Slow Light IV by Chee Keong Kung
Wood, Metal Acrylic, color pencil, spray paint
14.5″ x 9″ x 1.5″
Chee’s work explores the tension between geometry and the gestural mark.
His work is in private, corporate, and institutional collections, including The National Museum Art Gallery of Singapore and The DC Commission on the Arts and Humanities. Slow Light IV and others are available through Distinct Studios Fine Art.
Angie Newman Johnson Gallery
Episcopal High School
3900 West Braddock Road
Alexandria, VA 22302
For appointments contact Michael Windsor at maw@episcopalhighschool. org
Before, During, After: Art Shaping Resilience showcases the work of nine contemporary visual artists who communicate through art their personal experience of a world that has been altered by concurrent global challenges.
A key objective of this exhibit is to explore how the art object can shape and strengthen resilience. These nine artists create work that communicate universally shared feelings of loss, fear, and illness but also of cultural identity, renewal, and hope. We contend that the creative act itself strengthens an artist’s ability to comeback from difficulties but also that their work can shape resilience in the viewer.
The artists exhibiting in Before, During, After are Adjoa J Burrowes, Gail Shaw-Clemons, Alonzo Davis, Joan Dreyer, Mary Welch Higgins, Sarah J Hull, Akemi Maegawa, Alexandra N Sherman, Elizabeth Vorlicek.
Curated by Mary Welch Higgins
Before, During, After: Art Shaping ResilienceMary Higgins2022-02-16T20:42:21+00:00
….the moment before the initial thought begins is just as important as the thought itself….
“Phronesis(Ancient Greek: φρόνησῐς, romanized: phrónēsis), translated into English by terms such as prudence, practical virtue and practical wisdom is an ancient Greek word for a type of wisdom or intelligence relevant to practical action. It implies both good judgment and excellence of character and habits, and was a common topic of discussion in ancient Greek philosophy, in ways which are still influential today.”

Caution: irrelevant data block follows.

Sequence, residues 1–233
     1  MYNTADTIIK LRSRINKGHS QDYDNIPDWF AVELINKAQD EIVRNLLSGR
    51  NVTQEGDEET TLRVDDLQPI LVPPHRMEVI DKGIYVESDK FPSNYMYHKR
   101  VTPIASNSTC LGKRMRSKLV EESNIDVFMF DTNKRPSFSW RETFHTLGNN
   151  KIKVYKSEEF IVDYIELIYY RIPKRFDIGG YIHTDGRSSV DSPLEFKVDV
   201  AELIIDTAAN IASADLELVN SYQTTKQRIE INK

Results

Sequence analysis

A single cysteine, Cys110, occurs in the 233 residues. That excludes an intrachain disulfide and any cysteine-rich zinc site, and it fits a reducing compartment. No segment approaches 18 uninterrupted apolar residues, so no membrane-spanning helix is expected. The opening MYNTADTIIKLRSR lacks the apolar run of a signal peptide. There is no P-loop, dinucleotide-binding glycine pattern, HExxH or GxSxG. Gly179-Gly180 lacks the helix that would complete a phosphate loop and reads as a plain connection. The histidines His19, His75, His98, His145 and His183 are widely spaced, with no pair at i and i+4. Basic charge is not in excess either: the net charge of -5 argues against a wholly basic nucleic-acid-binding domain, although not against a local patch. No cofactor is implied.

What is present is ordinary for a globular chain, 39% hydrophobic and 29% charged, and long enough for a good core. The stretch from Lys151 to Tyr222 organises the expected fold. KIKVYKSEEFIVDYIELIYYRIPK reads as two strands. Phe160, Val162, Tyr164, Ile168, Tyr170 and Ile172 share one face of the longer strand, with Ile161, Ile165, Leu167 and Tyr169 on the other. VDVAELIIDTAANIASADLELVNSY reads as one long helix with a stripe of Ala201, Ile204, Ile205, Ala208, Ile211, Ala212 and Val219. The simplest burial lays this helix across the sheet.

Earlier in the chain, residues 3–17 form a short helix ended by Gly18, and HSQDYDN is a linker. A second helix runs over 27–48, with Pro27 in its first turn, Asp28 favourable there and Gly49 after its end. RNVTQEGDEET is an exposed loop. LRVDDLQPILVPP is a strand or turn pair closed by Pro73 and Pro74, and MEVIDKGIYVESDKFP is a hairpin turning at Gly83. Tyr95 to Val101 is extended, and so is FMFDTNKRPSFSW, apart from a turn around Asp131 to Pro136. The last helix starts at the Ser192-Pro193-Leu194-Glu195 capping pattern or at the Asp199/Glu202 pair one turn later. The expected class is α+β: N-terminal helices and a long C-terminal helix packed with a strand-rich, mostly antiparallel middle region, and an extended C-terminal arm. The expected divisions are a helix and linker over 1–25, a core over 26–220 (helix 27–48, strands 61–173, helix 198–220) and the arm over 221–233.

Large cool white embroidered square with a strong diagonal from the top left to the bottom right centered on the top half of a 21” high raw linen caves, above a collection of smaller warm white embroidered squares with a diagonal from the top right to bottom left. The middle square is left blank revealing the embroidery ground.
“This series references the honeybee and its endangered plight in the world. The textured layers recall the hexagon shape of the honey cells. Through my research I’ve learned that the honeybee has appeared as a symbol in cultures throughout the world and through all times. In this ongoing work I aim to draw attention to current environmental concerns and mans’ negative effect on the natural world. “
“Though I was born and raised in the city of Chicago, I have strong connections to the earth including the southern town of Warm Springs, Georgia where my parents were born. My summers as a child were spent in Michigan camping, swimming, picking berries, and playing in sprawling sand dunes. My strong memories in natural environments translate into themes in many of my abstract 2D works on paper.”